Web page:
Is Your Resume Working for
10 Steps to a Killer Resume
Guest Author Louise Fletcher founded Blue Sky
Résumés after leaving a 15 year HR career. Her company provides
job search coaching and résumé writing services to senior executives
and arts, entertainment and creative professionals. She is a Certified
Professional Resume Writer and a member of the Professional Resume
Writers Association, the Career Masters Institute and Society for
Human Resources Management.
You know the feeling. You spend hours, or even
days, creating a résumé. You pore over every word of your cover
letter and agonize over what to say in your email. Then you hit
‘send’ and wait. And wait. And wait. No one calls. No one
You don’t know if anyone even saw your résumé.
When this happens, it’s easy to get dejected and worry that
employers are not interested in you. Don’t! Remember, they
haven’t met you. They have only seen your résumé and that may be
An overwhelming majority of job seekers make
basic mistakes with their résumés - mistakes that ensure that
they will not get the interviews they deserve. If you feel as
though you’re sending your résumé into a black hole, try this
‘Ten Step Program’ to diagnose problems and get your résumé
working for you.
1. Is your résumé the right length?
You may have heard that your résumé
should fit on one page. This is nonsense. Recruiter or hiring
managers don’t care if your résumé is one or two pages long. But
they do care whether it is easy to read and gives key
information upfront. Your résumé can be one, two, or
(occasionally) even three pages. The only rule is that the
length should be appropriate for you. If in doubt follow the
(very general) rule of thumb that less than 5 years experience
probably only requires one page and more than that may need two.
2. Does your résumé clearly position you as
someone who can meet the needs of the employer?
Think of a résumé as an advertisement
for a product, only this time the product is you. Just like any
other advertisement, positioning is everything. The person who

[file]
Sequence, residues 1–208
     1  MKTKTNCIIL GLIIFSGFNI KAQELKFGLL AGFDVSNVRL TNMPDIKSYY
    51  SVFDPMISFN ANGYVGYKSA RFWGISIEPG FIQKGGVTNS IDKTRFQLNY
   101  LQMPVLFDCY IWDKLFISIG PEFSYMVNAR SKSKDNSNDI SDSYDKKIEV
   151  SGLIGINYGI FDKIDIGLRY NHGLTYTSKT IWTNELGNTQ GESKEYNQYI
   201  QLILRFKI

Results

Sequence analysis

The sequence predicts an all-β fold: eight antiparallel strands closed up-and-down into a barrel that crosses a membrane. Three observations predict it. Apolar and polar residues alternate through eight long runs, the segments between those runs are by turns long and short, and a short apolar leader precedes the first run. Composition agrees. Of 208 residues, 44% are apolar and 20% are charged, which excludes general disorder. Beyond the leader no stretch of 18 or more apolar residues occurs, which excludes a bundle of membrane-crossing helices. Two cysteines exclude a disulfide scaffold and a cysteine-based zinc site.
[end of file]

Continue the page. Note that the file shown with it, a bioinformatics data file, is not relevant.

receives your résumé will scan it quickly perhaps for no more
than 20 seconds to determine whether you can help her company.
Your job is to say quickly, clearly and loudly that you can!
Don’t just launch into a chronology of your
career history. Instead, determine your own positioning by
spelling out your message at the start of the résumé and giving
the reader your version of events upfront. For this reason, you
should use the first 1/3 of your résumé to create a compelling
personal profile which highlights your key strengths in an
attractive, easy-to-read format.
3. Does your résumé begin with an
Don’t start with an objective.
Recruiters and hiring managers don’t like them because they
focus on the needs of the job seeker rather than the needs of
the potential employer. Consider this objective statement:
“Seeking a software engineer position with a progressive
employer where I can contribute to the development of new
technologies and work with bright, committed people.”
This may be very honest but it is irrelevant
to the reader, who does not care what you want and only cares
what you have to offer. Instead of an objective, try using a
positioning statement that clearly and concisely explains what
you have to offer.
“Senior Software Engineer with 10 years
experience developing leading-edge technologies.”
Now the reader can immediately see your value
to the company. (For even greater impact, tailor this statement
for each position so that the reader immediately sees a match
between his/her needs and your skills.)
4. Does your résumé contain specifics?
5. Have you outlined achievements as well as
You must place your achievements in
context by providing specifics. For example, don’t say something